Image Transfer Review: Marion Bridge is presented at its original 1.85:1 aspect ratio, enhanced for 16x9 displays. Colors are rich and well saturated, and black levels are solid. Detail level is excellent, with no moire or other anomalies in small patterns, and the look very filmlike, with a natural fine grain structure. There is some aliasing and a few minor compression issues in backgrounds of select scenes, none of which will be evident on smaller display devices. Overall this is a great looking transfer.

Image Transfer Grade: A-

 

Audio Transfer

 LanguageRemote Access
DS 2.0Englishno


Audio Transfer Review: The English surround audio track is very well done, with good dynamic range, and an expansive soundfield. Directionality is appropriate and effective, giving the image plenty of space in the wings, while remaining naturalistic. Dialogue is for the most part easy to discern, however repeated viewings may be necessary to pick up all the subtleties. Leslie Barber's superb musical soundtrack fits in perfectly, and greatly enhances the picture.

Audio Transfer Grade: A

 

Disc Extras

Full Motion menu with music
Scene Access with 12 cues and remote access
Cast and Crew Biographies
1 Original Trailer(s)
1 Other Trailer(s) featuring Light of My Eyes
1 Featurette(s)
1 Feature/Episode commentary by director Wiebke von Carolsfeld, actress Molly Parker
Weblink/DVD-ROM Material
Packaging: Amaray
Picture Disc
1 Disc
1-Sided disc(s)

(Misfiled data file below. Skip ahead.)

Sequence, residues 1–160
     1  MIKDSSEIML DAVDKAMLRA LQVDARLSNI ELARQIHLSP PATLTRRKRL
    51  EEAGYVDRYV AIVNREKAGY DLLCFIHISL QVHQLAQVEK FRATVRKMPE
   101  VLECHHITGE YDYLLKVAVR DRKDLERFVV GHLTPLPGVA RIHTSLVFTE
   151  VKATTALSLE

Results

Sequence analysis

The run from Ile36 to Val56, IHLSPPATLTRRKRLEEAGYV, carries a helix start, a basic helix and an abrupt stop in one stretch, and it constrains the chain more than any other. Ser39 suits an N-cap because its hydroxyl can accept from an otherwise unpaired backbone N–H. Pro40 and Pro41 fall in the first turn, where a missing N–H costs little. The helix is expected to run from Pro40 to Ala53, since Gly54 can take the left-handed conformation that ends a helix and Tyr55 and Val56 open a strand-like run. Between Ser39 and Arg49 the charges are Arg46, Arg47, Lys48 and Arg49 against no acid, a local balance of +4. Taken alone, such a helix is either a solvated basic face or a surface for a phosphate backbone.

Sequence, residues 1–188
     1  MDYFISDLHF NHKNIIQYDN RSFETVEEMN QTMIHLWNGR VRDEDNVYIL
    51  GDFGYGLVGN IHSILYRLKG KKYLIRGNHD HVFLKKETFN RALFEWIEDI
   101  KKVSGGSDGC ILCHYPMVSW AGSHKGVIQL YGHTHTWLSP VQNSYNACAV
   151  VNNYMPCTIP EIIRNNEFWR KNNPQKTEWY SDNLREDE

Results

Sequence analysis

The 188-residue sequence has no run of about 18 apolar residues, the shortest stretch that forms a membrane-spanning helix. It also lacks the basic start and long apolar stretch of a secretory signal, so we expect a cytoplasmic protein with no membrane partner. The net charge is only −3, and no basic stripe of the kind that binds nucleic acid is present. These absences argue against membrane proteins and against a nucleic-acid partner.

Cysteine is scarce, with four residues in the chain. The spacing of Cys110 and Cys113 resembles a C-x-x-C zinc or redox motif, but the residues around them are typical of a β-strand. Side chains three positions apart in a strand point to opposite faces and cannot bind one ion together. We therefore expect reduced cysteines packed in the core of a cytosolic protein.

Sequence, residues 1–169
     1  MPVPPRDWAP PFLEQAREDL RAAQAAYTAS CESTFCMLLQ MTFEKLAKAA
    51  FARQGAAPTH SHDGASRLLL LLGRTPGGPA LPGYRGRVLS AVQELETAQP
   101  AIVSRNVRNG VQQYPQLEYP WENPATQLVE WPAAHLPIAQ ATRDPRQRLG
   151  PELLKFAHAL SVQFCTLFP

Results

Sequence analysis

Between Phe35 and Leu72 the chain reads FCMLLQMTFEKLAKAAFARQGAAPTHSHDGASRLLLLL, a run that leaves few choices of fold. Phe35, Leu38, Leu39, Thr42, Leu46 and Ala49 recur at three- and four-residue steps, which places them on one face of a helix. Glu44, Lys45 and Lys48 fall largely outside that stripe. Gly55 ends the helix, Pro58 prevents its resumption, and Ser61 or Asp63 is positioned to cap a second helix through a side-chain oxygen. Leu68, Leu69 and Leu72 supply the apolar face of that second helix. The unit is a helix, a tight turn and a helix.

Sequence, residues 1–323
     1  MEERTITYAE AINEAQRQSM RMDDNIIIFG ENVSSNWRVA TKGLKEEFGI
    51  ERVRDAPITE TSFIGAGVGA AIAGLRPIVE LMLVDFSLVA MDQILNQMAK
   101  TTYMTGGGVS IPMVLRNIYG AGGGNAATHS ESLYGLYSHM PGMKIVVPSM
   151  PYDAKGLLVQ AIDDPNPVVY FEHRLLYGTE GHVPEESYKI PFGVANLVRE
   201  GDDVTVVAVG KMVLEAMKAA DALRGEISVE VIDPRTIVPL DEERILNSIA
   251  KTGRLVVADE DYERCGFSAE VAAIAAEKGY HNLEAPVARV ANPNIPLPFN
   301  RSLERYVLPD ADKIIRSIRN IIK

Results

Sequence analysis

Layers: RSDL

Extra Extras:
  1. Short film Better or Worse?
Extras Review: A nice collection of extras are provided, starting with a feature-length commentary track by director Weibke von Carolsfeld and actress Molly Parker. Their dialogue is almost whispered at times, as they discuss the characters and scenes, noting locations and some of the challenges faced on the shoot. While not the most engaging track I've ever heard, it does provide a good deal of background, and is an interesting listen.

Biographies for the principle cast and director are included, along with a seven-minute behind-the-scenes featurette.

Each Film Movement release contains a short film, with this month's being Jocelyn Cammack's Better or Worse?, a somewhat bizarre piece and darkly humorous in which a young girl tries to find a way to cope with her inadequate eyesight.

A preview of May's feature, Giuseppe Picconi's Light of My Eyes is provided, as is a brief mission statement about Film Movement, and a link to the company website.

The printed insert features brief essays on why the film was selected, some of the critical acclaim the film has been awarded, plus introductions to the other features included on the disc.

Extras Grade: B

 

Final Comments

For the past couple of years I have managed to discover a gem from a Canadian filmmaker, and Marion Bridge gets the nod this time out. A wonderfully developed film that was completely satisfying, Weibke von Carolsfeld has created a masterpiece in this brilliantly funny and touching character study. With the quality of film, presentation, and its adorment of extras, if this what one can expect from Film Movement they have a new fan. My only regret is that their subscription service is not yet available outside the U.S. Very highly recommended!